And although she comes expecting condemnation and law, what Jesus gives here is nothing but gospel. “Your faith has healed you,” he says.

You see, Jesus was interested in that woman. Jesus broke the circle turned in on itself. Jesus places this woman, who was at the margins of society, higher on his agenda than his own reputation or social standing. Jesus values her specifically, individually, personally.

In fact, nothing matters more to Jesus in that moment than this woman and her well-being. Not just the physical healing of her body, but the restoration into society and relationship. And that fact, that Jesus valued this woman, that he took time with her, must have been a shock to the crowds. It was certainly confusing to the disciples. And you get the impression that it had the potential to break a father’s heart.

Jairus, in the kind of self-centeredness that only comes with great need, must have been going out of his mind while Jesus took time with this insignificant woman. I mean, his daughter was dying. Jesus had said he would come and heal her, and now Jesus gets sidetracked with someone else’s problems.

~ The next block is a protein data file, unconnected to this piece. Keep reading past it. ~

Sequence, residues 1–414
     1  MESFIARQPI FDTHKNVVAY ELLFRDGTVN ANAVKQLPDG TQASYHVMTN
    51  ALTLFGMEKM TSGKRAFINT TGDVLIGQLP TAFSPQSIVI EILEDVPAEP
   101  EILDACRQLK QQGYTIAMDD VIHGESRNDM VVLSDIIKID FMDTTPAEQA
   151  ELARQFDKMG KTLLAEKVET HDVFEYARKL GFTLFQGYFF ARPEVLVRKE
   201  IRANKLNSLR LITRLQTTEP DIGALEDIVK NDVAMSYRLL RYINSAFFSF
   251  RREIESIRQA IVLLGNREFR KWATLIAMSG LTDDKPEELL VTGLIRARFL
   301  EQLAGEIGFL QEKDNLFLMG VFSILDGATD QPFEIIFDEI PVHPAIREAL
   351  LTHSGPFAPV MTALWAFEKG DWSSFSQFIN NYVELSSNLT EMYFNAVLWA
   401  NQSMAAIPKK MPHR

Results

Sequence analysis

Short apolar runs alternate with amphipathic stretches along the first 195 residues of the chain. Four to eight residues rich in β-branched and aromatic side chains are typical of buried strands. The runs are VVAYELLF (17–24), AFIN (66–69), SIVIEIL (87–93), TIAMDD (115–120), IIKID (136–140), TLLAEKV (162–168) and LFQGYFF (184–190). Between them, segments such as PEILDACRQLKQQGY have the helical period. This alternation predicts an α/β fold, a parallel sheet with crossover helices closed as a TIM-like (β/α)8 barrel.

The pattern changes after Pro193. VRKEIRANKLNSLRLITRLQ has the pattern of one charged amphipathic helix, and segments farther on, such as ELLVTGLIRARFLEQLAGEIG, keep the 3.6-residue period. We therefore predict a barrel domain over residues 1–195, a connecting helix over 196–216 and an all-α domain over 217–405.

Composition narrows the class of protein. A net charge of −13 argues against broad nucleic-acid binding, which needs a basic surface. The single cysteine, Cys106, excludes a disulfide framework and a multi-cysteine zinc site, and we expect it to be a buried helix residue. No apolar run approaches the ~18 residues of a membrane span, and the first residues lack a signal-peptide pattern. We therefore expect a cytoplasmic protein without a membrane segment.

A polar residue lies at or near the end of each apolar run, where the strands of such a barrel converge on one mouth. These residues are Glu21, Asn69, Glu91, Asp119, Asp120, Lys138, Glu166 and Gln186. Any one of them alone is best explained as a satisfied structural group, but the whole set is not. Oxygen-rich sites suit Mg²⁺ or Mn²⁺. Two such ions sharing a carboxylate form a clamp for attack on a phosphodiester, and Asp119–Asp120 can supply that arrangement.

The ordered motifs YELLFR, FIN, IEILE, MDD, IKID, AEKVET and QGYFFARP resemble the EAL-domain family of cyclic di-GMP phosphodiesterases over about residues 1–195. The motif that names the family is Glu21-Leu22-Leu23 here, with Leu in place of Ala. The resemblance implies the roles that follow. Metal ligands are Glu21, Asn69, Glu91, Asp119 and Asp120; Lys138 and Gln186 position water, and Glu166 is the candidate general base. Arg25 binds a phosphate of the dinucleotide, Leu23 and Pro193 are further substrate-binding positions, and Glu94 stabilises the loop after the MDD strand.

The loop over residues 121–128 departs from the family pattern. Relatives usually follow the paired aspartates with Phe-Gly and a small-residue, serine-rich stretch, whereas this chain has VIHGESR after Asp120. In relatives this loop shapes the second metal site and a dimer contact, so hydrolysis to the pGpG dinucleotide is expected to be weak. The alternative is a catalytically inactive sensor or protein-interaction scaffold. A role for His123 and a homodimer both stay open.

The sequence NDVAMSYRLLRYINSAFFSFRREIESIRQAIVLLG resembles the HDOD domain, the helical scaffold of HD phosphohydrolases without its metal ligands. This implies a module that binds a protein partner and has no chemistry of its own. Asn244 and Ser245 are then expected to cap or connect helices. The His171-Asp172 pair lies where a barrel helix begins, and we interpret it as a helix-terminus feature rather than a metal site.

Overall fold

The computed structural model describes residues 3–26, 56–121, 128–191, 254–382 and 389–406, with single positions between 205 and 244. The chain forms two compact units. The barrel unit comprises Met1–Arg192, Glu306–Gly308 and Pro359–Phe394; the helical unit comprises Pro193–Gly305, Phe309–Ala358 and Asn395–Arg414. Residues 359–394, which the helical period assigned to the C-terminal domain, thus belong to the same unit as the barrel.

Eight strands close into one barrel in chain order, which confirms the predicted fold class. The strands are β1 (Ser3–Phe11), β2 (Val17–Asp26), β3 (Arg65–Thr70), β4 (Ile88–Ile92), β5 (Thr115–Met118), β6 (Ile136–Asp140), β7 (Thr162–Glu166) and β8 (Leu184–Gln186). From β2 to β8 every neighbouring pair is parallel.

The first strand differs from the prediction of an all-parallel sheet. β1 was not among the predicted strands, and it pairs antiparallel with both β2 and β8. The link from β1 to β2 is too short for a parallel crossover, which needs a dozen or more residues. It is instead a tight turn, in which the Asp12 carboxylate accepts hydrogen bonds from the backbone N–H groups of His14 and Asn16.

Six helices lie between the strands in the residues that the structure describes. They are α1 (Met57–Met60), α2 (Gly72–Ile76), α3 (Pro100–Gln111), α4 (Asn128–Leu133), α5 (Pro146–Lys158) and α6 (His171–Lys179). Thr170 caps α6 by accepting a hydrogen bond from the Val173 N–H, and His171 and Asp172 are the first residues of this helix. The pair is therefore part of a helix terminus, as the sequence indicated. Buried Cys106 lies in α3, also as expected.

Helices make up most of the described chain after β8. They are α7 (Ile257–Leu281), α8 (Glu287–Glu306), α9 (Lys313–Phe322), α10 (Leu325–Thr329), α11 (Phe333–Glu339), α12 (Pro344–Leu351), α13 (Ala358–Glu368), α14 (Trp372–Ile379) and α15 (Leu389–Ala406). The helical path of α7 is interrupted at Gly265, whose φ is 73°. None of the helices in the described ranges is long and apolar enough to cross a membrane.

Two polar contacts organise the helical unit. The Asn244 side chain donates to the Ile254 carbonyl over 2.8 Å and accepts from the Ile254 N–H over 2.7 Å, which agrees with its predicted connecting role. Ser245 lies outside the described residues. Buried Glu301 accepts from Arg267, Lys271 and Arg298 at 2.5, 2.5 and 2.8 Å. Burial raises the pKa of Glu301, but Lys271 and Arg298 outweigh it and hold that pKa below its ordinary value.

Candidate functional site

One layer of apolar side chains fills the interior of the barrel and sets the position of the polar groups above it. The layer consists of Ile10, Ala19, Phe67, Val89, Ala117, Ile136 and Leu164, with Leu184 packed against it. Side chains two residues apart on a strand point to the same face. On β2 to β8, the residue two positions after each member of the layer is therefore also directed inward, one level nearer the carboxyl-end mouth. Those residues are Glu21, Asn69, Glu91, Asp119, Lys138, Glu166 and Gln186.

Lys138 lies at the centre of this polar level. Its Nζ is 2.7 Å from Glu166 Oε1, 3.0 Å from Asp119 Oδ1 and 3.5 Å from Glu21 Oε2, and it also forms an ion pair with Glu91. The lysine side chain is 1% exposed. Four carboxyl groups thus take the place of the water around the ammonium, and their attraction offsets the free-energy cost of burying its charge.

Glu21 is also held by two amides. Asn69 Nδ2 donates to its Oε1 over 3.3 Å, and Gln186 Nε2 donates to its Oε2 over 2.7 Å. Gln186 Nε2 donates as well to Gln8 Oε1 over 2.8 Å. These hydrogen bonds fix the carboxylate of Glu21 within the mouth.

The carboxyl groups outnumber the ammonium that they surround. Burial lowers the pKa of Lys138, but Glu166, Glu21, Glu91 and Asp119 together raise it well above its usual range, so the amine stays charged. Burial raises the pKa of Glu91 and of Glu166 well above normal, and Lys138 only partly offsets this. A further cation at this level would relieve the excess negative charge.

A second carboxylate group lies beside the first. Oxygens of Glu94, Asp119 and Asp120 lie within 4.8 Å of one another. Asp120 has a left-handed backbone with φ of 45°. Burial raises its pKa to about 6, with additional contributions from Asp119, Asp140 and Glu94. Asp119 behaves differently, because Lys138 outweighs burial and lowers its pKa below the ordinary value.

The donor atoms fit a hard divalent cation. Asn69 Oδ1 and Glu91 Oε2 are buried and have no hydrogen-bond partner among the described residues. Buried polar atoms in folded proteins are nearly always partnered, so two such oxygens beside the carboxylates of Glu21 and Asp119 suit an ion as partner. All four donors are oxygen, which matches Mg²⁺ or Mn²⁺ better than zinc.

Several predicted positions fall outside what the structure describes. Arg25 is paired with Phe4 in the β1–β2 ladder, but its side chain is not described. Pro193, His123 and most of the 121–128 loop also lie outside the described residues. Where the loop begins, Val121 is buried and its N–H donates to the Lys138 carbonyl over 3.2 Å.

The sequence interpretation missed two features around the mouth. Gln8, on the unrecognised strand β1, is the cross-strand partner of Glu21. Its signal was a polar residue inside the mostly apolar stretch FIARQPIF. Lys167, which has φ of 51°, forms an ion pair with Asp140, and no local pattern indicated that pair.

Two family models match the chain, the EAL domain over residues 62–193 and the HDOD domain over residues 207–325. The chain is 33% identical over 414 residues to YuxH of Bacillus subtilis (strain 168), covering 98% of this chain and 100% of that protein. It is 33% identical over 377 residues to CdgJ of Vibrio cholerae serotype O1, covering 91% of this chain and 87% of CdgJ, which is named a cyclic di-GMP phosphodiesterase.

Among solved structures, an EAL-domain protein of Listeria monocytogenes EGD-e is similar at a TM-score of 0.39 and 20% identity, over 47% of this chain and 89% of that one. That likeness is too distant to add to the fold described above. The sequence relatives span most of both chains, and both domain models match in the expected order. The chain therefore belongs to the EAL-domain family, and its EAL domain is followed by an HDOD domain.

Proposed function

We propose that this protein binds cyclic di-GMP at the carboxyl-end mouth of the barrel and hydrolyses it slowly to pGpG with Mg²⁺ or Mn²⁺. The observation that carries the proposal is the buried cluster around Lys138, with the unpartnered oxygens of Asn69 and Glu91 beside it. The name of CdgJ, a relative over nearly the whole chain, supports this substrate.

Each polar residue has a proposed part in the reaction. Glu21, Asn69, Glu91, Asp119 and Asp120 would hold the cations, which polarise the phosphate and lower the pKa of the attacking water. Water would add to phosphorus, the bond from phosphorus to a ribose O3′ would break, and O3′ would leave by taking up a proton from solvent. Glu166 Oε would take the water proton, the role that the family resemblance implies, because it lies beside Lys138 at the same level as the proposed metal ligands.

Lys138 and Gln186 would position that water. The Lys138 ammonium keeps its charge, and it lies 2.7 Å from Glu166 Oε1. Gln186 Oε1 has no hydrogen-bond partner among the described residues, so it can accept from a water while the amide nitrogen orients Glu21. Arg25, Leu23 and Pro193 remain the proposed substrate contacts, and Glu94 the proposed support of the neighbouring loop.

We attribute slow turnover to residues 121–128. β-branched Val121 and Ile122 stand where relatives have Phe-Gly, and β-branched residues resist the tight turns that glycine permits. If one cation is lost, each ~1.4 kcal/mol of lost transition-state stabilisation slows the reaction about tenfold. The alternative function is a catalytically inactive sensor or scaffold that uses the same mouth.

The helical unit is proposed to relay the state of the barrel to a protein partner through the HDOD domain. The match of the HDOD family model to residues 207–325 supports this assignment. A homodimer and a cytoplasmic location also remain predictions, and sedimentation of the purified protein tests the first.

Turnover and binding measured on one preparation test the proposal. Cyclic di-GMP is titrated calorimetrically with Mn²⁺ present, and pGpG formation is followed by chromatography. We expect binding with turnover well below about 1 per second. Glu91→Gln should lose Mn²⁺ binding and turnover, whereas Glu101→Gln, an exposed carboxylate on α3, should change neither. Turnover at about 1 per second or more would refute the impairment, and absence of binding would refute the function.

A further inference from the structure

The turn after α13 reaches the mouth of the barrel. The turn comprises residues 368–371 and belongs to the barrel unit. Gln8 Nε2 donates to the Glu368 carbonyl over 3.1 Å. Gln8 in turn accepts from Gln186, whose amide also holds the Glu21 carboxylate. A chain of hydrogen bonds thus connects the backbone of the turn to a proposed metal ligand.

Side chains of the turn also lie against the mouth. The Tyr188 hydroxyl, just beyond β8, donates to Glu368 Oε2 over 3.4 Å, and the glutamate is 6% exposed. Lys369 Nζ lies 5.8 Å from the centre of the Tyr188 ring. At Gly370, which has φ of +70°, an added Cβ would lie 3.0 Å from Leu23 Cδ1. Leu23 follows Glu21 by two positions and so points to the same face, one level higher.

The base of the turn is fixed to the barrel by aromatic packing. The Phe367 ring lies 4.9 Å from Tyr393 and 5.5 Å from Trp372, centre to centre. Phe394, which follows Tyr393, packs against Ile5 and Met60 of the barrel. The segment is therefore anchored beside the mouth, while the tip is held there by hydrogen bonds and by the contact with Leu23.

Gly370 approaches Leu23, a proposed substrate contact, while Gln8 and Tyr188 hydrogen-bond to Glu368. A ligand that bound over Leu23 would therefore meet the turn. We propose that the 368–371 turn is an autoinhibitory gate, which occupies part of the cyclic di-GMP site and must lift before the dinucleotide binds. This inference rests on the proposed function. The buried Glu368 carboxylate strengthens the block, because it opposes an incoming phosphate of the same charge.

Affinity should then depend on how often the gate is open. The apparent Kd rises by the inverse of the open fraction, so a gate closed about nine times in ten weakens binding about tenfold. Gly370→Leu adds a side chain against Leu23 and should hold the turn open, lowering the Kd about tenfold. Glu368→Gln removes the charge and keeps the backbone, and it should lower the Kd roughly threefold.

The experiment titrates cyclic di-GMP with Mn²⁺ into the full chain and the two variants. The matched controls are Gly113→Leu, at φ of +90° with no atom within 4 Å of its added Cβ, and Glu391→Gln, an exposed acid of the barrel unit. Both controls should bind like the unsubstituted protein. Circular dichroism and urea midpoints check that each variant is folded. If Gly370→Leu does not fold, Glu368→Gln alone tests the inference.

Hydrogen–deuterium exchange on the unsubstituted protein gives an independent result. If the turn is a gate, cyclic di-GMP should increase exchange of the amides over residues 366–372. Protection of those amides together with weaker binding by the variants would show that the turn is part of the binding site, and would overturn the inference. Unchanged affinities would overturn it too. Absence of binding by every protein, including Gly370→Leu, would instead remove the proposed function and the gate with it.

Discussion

“But what about me, Jesus? What about my needs? Don’t I matter to you, too? Certainly this little girl near death is more important than a woman who has been struggling with this problem for thirteen years. Just give it, like, another week.”

“Jesus, come on, get your priorities straight. Help me in my need right now. Because my daughter is more important right now rather than that woman is.”

And then Jairus gets confirmation of his deepest fears. Jesus has delayed too long. His daughter is dead.

What Jesus says to Jairus next, He says to you; He says to me; He says to anyone who has ever asked that question: “What about me Jesus? What about my needs? Don’t you care?”

To Jairus and to every individual crying out for affirmation and a sense of value, Jesus says: “Don’t be afraid. I’m going with you. And the story isn’t over yet.”

4. YOU (Application of God’s Word to individuals)

That’s the secret. That’s the promise. That’s the hope of breaking your circle turned in on itself, and being open to other people in a way that genuinely values them.

Does it feel like God is answering everyone’s prayer but yours?
Don’t be afraid. Jesus is going with you. And the story isn’t over yet.

Do you feel like, if you don’t stand up for your rights or religious freedoms, no one else will? Don’t be afraid. Jesus is going with you. And the story isn’t over yet.

Does it seem like our culture is spinning out of control and your voice is being lost in a sea of competing worldviews? Don’t be afraid. Jesus is going with you. And the story isn’t over yet.